A total of 28 patients (15 males, 13 females) were treated between 1995 and 2014, with a median age at diagnosis of 26 years (range 5-61). Median follow-up was 62.2 months and 3 patients were lost to follow-up postoperatively. Thirteen patients experienced recurrent/progressive disease and 2-year PFS was 75 % (95 % CI 53-88 %). Two-year PFS was 48 % for MIB-1 labeling >4 % versus 90 % for ≤4 % (HR 5.4, CI 2.2-27.8, p = 0.0026). Nine patients (32 %) had gross total resections (GTR) and 19 (68 %) had subtotal resections (STR). PFS for >80 % resection was 83 versus 67 % for ≤80 % resection (HR 0.67, CI 0.23-2.0, p = 0.47). Three STR patients (16 %) received adjuvant radiation which significantly improved overall PFS (p = 0.049). Estimated 5-year PFS was 67 % for STR with radiotherapy versus 53 % for STR without radiotherapy. Salvage therapy regimens were diverse and resulted in stable disease for 54 % of patients and additional progression for 38 %. Two patients with neuropathology-confirmed atypical neurocytomas died at 4.3 and 113.4 months after initial surgery. For central neurocytomas, MIB-1 labeling index >4 % is predictive of poorer outcome and our data suggest that adjuvant radiotherapy after STR may improve PFS. Most patients requiring salvage therapy will be stabilized and multiple modalities can be effectively utilized 4).
203 patients, with a median age of 31 years; 46% of patients were male, and 80% of patients were white. GTR was performed in 47% of patients, with the remainder receiving STR. Adjuvant RT was delivered to 15% of patients, including 9% after GTR and 20% after STR (P = .018). Age, sex, race, diagnosis year, World Health Organization (WHO) grade, and tumor size were not significantly associated with GTR or RT utilization. OS was 87% at 5 years for all patients, with a median follow-up of 39 months. There was no significant OS benefit with GTR compared with STR (89% vs 86%; P = .82). There was also no significant OS benefit with RT after either GTR (86% with RT vs 90% without RT at 5 years; P = .76) or STR (79% with RT vs 89% without RT at 5 years; P = .53) 5).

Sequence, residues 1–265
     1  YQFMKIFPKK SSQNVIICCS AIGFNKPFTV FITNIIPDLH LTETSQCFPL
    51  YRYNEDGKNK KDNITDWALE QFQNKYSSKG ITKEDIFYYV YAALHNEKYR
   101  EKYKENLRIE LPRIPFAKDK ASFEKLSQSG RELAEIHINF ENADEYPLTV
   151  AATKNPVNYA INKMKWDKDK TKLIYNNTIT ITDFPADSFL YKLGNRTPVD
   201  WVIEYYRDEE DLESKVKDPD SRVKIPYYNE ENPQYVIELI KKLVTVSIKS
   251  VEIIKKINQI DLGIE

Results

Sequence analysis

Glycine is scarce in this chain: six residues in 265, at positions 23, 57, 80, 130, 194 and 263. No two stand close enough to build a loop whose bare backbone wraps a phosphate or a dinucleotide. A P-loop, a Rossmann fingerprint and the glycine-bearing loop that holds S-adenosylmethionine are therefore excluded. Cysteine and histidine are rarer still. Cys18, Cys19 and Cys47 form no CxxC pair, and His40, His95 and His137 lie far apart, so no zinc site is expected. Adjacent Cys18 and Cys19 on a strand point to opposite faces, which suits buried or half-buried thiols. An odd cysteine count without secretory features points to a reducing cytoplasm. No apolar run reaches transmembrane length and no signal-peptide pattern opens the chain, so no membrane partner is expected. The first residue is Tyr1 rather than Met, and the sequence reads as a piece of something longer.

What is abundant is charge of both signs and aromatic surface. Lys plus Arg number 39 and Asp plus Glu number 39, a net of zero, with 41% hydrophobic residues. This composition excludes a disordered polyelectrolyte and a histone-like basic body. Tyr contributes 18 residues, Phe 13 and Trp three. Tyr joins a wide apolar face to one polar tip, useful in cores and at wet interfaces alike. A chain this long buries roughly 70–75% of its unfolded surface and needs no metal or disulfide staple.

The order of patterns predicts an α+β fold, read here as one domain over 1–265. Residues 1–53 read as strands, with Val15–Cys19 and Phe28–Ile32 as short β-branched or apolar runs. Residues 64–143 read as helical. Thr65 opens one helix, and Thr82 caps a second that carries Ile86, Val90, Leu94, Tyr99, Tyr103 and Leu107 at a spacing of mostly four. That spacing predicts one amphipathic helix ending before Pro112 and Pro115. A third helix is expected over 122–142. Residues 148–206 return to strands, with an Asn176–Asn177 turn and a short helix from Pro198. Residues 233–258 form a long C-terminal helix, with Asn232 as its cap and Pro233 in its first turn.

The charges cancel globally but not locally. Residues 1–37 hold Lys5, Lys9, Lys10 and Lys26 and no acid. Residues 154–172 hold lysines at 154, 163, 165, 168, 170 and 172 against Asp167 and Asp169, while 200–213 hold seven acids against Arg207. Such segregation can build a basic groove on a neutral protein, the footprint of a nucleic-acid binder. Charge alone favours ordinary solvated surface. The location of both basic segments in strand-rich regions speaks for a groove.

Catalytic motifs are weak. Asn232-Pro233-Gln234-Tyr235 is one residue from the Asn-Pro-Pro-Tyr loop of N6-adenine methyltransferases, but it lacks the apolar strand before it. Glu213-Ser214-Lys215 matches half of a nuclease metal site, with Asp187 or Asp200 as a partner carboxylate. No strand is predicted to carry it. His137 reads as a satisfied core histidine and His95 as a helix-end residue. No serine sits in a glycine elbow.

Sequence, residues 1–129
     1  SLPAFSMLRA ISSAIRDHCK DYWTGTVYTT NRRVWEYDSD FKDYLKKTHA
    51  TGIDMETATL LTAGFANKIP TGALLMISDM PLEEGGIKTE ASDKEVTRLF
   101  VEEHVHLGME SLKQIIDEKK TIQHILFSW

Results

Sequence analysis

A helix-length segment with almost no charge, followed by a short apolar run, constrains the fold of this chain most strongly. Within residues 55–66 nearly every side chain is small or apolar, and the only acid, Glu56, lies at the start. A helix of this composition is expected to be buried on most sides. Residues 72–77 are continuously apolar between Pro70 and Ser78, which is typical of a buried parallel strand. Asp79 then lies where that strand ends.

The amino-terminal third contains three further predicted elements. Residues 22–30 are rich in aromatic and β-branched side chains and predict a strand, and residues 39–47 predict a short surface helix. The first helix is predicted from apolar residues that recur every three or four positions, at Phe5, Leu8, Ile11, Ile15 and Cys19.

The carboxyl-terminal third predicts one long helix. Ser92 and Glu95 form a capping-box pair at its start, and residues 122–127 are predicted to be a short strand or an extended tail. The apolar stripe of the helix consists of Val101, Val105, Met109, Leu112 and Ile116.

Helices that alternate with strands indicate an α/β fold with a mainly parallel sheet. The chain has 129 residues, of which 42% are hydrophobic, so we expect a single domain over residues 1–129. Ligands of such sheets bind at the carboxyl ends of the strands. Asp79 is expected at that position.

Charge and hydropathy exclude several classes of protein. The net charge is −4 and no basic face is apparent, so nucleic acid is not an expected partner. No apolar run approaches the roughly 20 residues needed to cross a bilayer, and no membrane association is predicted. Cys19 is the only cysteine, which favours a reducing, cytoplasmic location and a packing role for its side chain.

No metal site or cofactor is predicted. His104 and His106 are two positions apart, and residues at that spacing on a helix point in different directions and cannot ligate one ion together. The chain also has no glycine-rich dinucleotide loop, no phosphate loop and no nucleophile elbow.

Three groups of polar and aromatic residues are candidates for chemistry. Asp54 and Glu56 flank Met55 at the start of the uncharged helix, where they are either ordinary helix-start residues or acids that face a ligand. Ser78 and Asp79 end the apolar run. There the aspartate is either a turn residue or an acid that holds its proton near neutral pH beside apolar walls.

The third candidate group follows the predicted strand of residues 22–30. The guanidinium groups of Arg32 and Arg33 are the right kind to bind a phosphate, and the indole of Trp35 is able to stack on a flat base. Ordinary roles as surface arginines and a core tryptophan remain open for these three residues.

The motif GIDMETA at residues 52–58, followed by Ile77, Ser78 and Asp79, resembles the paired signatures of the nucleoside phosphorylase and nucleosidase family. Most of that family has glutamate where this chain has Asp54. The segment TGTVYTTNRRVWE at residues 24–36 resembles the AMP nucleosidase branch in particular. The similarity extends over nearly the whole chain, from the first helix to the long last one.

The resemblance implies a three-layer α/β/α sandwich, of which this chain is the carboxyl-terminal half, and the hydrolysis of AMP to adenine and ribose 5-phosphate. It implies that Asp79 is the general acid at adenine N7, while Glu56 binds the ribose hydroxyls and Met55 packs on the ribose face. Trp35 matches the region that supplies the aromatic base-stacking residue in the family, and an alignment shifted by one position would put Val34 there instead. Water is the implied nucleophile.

Xiong et al. described and analyzed the clinical, radiological, operational and outcome data of 13 cases of huge intraventricular CNs, and discussed the treatment strategies in this study. All huge CNs (n=13) in the study were located in bilateral lateral ventricle with diameter ≥5.0 cm and had a broad-based attachment to at least one side of the ventricle wall. All patients received craniotomy to remove the tumor through transcallosal or transcortical approach and CNs were of typical histologic and immunohistochemical features. Adjuvant therapies including conventional radiation therapy (RT) or gamma knife radiosurgery (GKRS) were also performed postoperatively. Transcallosal and transcortical approaches were used in 8 and 5 patients, respectively. Two patients died within one month after operation and 3 patients with gross total resection (GTR) were additionally given a decompressive craniectomy (DC) and/or ventriculoperitoneal shunt (VPS) as the salvage therapy. Six patients received GTR(+RT) and 7 patients received subtotal resection (STR)(+GKRS). Eight patients suffered serious complications such as hydrocephalus, paralysis and seizure after operation, and patients who underwent GTR showed worse functional outcome [less Karnofsky performance scale (KPS) scores] than those having STR(+GKRS) during the follow-up period. The clinical outcome of huge CNs seemed not to be favorable as that described in previous reports. Surgical resection for huge CNs should be meticulously considered to guarantee the maximum safety. Better results were achieved in STR(+GKRS) compared with GTR(+RT) for huge CNs, suggesting that STR(+GKRS) may be a better treatment choice. The recurrent or residual tumor can be treated with GKRS effectively 6).